Do we really need to test our soil?

No, but we often don't do things in life we should, and this is one more of those things. Just like taking vitamins, we know it can help us, but we still don't do it.

Let's look at the downside of not testing your soil.

You may be throwing the dice adding fertilizer, lime, or other PH changing amendments without this test. Testing and understanding your soil is your choice, but it will save you money, and give you a competitive edge, over your neighbors lawn.

You can purchase soil test kits from most garden centers or order online home kits at websites like Solvita. This is a great site if you want to learn more about soil testing and composting. They have great expertise in this field of research, with some wonderful products for do-it-yourselfers.

Simply put, PH is a number scale that measures if your soil is acidic (below 7), neutral (7), or alkaline (above 7). Most grasses do well with a pH level of around 6 or 7.

It's important to know that the effectiveness of fertilizer is reduced when the PH level is too high or low. Your lawn will not respond as favorably, with growth and color changes. Unfortunately, most people just add more fertilizer, and get the same results.

If you have acidic soil, you can raise the pH level by applying lime. This will help neutralize the acidity.

If the soil is very alkaline, you may have to use sulfur, or an iron sulfide enriched fertilizer to lower the PH level.

Remember when making adjustments to PH levels, radical changes can have negative effects on your lawn. Your lawn will be much happier with gradual adjustments.

This is true with many changes to a lawn. That's why we mentioned in the beginning about being patient. Nurturing your lawn over a few seasons will give you more positive results, than shocking it with aggressive, and radical changes.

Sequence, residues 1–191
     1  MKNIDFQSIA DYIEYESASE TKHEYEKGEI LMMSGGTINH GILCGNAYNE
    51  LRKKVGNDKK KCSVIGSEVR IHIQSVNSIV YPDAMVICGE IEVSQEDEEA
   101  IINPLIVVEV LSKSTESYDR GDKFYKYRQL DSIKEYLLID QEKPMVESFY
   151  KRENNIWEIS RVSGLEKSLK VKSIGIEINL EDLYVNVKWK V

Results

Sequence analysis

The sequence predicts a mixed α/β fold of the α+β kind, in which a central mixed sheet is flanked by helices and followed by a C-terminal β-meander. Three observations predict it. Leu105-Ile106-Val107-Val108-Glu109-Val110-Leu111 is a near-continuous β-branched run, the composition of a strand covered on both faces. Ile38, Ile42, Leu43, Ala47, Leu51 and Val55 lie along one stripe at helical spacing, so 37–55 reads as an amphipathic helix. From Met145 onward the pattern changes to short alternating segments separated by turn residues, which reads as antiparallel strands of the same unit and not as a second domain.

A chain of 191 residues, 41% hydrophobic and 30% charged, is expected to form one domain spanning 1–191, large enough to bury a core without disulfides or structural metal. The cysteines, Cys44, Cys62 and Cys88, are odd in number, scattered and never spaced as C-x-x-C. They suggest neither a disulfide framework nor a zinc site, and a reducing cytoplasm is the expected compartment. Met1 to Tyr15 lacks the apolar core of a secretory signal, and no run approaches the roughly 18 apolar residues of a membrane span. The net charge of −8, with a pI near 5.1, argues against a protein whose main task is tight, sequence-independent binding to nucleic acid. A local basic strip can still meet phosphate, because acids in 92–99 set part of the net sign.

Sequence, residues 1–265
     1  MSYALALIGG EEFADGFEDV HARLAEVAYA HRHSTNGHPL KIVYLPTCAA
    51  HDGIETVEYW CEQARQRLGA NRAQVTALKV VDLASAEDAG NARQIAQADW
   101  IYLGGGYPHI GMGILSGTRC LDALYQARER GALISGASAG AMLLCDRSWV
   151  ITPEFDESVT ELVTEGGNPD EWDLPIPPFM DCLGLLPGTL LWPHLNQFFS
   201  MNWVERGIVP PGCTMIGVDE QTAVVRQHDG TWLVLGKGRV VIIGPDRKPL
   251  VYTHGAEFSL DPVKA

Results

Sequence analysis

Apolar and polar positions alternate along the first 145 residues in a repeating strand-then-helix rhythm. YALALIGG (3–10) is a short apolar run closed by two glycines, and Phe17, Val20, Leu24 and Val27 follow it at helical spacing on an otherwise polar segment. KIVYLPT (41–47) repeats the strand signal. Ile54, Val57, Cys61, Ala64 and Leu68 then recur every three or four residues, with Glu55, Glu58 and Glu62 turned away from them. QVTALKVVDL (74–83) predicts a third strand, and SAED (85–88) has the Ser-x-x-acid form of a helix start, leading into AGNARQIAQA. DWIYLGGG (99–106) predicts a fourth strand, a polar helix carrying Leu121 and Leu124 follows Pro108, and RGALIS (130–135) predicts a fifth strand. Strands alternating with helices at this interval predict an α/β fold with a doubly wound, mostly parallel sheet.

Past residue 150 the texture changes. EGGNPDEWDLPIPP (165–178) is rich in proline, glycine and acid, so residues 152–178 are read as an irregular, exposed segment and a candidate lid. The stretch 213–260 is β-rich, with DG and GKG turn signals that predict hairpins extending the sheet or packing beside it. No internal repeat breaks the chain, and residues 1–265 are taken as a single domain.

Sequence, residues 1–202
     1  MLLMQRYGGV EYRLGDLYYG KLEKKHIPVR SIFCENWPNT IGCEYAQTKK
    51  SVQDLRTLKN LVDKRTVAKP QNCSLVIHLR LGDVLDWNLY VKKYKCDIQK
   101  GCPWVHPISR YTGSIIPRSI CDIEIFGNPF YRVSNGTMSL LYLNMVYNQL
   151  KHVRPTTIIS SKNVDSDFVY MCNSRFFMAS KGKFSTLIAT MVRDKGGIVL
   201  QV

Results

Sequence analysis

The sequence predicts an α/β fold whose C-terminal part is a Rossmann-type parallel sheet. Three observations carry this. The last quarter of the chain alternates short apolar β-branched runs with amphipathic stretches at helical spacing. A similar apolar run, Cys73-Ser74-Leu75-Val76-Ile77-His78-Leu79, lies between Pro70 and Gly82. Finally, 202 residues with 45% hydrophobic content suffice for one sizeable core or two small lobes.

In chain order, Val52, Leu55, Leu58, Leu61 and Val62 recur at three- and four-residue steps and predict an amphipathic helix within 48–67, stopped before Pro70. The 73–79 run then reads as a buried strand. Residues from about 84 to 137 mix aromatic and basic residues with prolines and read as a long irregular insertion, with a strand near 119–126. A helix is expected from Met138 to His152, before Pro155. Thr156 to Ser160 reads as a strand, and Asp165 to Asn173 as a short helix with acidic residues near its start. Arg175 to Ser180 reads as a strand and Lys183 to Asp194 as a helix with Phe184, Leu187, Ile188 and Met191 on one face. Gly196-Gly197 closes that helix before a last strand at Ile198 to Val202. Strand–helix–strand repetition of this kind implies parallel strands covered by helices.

Soil sterility - A nice rich loam also has billions of microscopic organisms called microbes. Microbes turn the building blocks in the soil into soluble foods for the root system. For those of you that practice organic fertilizing, these microbes are vital in breaking down organic fertilizers. Sterile soil is lacking in microbial activity, and is a poor environment for grass growth.

When excessive use of certain herbicides, insecticides, and other chemicals are used, microbes can be killed. This can lead to a sterile soil. This is why you should always be careful with the advice you receive from others.

Once again, this is not meant to discourage you from using these products. It is only meant to make you aware of what can possibly happen if you are not careful.

We also should mention again that pre-emergents applied to prevent weed seeds from germinating, will also prevent grass seed from germinating. Don't use pre-emergents if you plan on doing any seeding to your lawn.

Water and the right amount is important.

Water retention - Most lawns will require at least 1 inch of water per week, with bluegrass and rye grass it could be up to 2 or 2 ½ in hotter summer months.

This will depend on your specific variety of grass.

Understanding your soil and how it drains is also important. If you have a heavy clay soil, it will take considerably longer to water to a depth of 6 inches than loam, or sandy soil. We will cover this more in minor repairs.

Water retention is a soil problem AND a grass maintenance problem. If you don't water your lawn properly training your roots to grow deep, it won't be as drought tolerant.

Now that we have looked at some problems you should know if they require major, or minor repairs. You should also be learning about what is required to grow and maintain a healthy, lush, thick, green lawn.

It may not be for everyone, and reducing the size of your lawn to a more manageable size, may be an option for you.

If you still haven't recognized what the problem is with your lawn, then I highly recommend that trip to your local extension office for professional help.

In the next section we will deal with minor lawn repairs before moving on to major repairs where you are renovating your lawn. All the links for other sections in this module can be found at the bottom of this page.


Table of Contents: Lawn Problems

Lawn Problems: Introduction

A. Grass Problems

B. Soil Problems

C. Lawn Repair

D. Renovating Lawn

E. Replace Lawn

F. Rebuilding a Lawn

G. How to Seed Lawns

H. How to Sod


Return to the Lawn Problems Introduction